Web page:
“Religion playing key political role this year”
Belleville News Democrat (IL), October 10, 2004

“A South American electric knife fish raised alone in a tank has something missing: a full complement of brain cells. But put two knife fish in a tank where they are free to exchange electrically charged pleasantries, and they will grow plenty of the specialized cells that make up fish brains, according to Trinity College students who won an international award for their experiment. The research reinforces theories about the importance of social contact in the development of the brains of animals and may help explain why older people who remain socially and intellectually active seem to have some protection against dementia. ‘Aloof as it seems from cellular happenings, social interaction is involved in [brain] development,’ said James Castellano, a Trinity senior and lead author of the research project. In August, a poster that detailed the research was one of five to win awards for best presentation by non-doctoral students at the seventh International Congress of Neuroethology held in Nyborg, Denmark … [Associate Professor of Biology Kent] Dunlap asked Castellano, who as a sophomore had been torn between majoring in engineering or biology, and fellow undergraduates Mark Witt and Doris Kuk to work on the project.”

“Brain Gain A Social Study”
Hartford Courant, October 12, 2004

“Did the radium girls dance? There's no way to know whether these young women did the Charleston or the Foxtrot in their free hours away from the Waterbury Clock Co., where they daubed time pieces with glowing radioactive paint long before the atom bomb was built. But seeing them step today, brought back to life by choreographer Judy Dworin, helps to swallow the tragedy that cut down or killed the real radium girls in their prime. Dworin, a Trinity College theater and dance professor and a mainstay of Hartford's art world for more than 15 years, often mines the historical record for inspiration. Previous pieces have dealt with the witch hunts in early America, the aftermath of Chernobyl and the "disappeared" of Argentina. ‘My work sources itself in real stories, stories that are universal,’ Dworin says. ‘I'm using history as a metaphor for the present.’"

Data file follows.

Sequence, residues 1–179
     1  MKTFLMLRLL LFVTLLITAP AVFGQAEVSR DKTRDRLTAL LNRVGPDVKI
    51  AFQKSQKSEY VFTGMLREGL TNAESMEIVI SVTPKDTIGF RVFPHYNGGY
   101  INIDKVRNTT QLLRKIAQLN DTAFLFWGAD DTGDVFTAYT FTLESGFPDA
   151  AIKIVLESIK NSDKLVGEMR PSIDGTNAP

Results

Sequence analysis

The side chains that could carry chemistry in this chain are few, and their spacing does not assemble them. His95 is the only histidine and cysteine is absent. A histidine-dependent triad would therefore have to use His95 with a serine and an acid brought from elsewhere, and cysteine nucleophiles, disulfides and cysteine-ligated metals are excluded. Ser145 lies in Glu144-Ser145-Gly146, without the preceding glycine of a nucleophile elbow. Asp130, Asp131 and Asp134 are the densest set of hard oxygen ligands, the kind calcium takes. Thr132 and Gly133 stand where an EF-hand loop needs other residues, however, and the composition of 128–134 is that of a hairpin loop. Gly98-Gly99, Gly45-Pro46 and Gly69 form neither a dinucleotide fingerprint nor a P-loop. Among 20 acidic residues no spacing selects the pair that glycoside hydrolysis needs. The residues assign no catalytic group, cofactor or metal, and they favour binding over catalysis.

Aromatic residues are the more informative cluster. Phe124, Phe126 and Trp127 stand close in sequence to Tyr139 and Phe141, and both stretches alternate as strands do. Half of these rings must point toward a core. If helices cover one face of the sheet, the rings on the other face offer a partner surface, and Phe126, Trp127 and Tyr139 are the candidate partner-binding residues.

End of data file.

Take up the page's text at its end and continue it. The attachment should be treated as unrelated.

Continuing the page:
“Victims Of The Time: Dance Performance Tells Story Of Women
Contaminated By Radium In Waterbury Clock Factory”
Hartford Courant, October 11, 2004

“Trinity College has inaugurated a new president, beginning an era that students and faculty hope will usher in a period of stability following a brief but contentious administration of his predecessor. James F. Jones Jr., a scholar of French literature, took office in a ceremony Sunday before more than 1,500 alumni, students and guests … In his inaugural speech, Jones said Trinity is ‘one of the very few highly esteemed residential liberal arts colleges located in a major urban landscape. … What better place to nurture civility and stewardship than an urban liberal arts college that is ‘a vital part with, and a good neighbor to, the city itself?’ he asked … Margaret Lindsey, director of Trinity's first-year program for freshmen, said she was impressed by the speech, calling Jones ‘an orator and an educator.’ ‘When I listen to him, he inspires,’ she said. ‘And that's one of the things we need right now.’ ‘He's a strong leader, a strong personality with first-class academic credentials,’ Paul E. Raether, chairman of the college's board of trustees, said after the ceremony. ‘We were looking for someone we knew would be here for a period of time, because we clearly need stability.’”

“New president at Trinity seen as ushering in stability”
Newsday, October 18, 2004